Civil rights group to petition renaming of Robert E. Lee Elementary in Long Beach

Robert E. Lee Elementary

For more than a century, Robert E. Lee Elementary School, bearing the name of the commander of the Army of Northern Virginia, has avoided scrutiny over its name.

(Gina Ferazzi /Los Angeles Times)

A civil rights group plans to deliver a petition to Long Beach school district officials Monday afternoon demanding that an elementary school named after Robert E. Lee, the commander of the Confederate Army, be changed.

“The petition is endorsed by many local civil rights leaders and is signed by dozens of concerned citizens,” said Pedro Baez, political director of the Los Angeles Urban Policy Roundtable.

The request comes a week after the civil rights group launched an online campaign to pressure officials to change the name of the Long Beach school.

The school, along with another in San Diego, are the latest targets of a nationwide movement to remove symbols of the Confederacy from public facilities. 


The movement comes in the wake of the fatal mass shooting of nine black men and women worshipping last month at Emanuel African Methodist Episcopal Church in Charleston, S.C. 

Photos of the suspect, 21-year-old Dylann Storm Roof — who authorities believe wanted to start a race war — show him posing with the battle flag of the Confederacy. 

Most of the scrutiny fell on the battle flag, but eventually spread to monuments, schools and other public facilities that pay homage to figures of the losing side of the Civil War.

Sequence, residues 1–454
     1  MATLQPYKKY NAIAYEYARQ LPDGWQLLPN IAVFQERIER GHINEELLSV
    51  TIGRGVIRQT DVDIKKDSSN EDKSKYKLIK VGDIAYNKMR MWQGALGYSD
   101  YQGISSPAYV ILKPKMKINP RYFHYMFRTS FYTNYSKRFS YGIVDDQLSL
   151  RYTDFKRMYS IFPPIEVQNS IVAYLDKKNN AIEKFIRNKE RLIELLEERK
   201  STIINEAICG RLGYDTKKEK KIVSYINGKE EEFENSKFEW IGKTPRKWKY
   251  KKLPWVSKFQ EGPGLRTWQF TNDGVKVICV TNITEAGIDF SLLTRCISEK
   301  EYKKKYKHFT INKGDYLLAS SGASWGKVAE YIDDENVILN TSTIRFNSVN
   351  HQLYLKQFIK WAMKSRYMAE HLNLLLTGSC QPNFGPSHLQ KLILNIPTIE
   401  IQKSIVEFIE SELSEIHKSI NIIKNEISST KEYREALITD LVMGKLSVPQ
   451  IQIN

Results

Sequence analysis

It’s not the first time Long Beach officials have considered renaming a school within the district.


Last September, the school board changed an elementary school named after Peter H. Burnett, the first civilian governor of California. 

Burnett signed into law the creation of the first 27 counties, including Los Angeles, Santa Barbara and San Francisco. 

Before his arrival in California, Burnett served on the 1844 Legislative Committee of Oregon. While there he proposed that former black slaves be forced to leave that state, with any who failed to leave subject to arrests and lashings. That provision was known as “Peter Burnett’s lash law.”  Voters later rescinded the law in 1845.

A year after moving to California, Burnett was elected as the first governor of the state in December 1849. During his inaugural address he endorsed a similar black exclusion law.

Burnett received heavy criticism for the speech and became unpopular with the state’s legislature. After just a little over a year in office, he resigned.

Scrutiny over a school being named after Burnett came after an instructor raised concerns. It was later renamed after the Long Beach school board’s first African American member, Bobbie Smith. The Press-Telegram first reported about the school’s name.

According to state records, there are at least three schools named after Peter Burnett, including one in Hawthorne.

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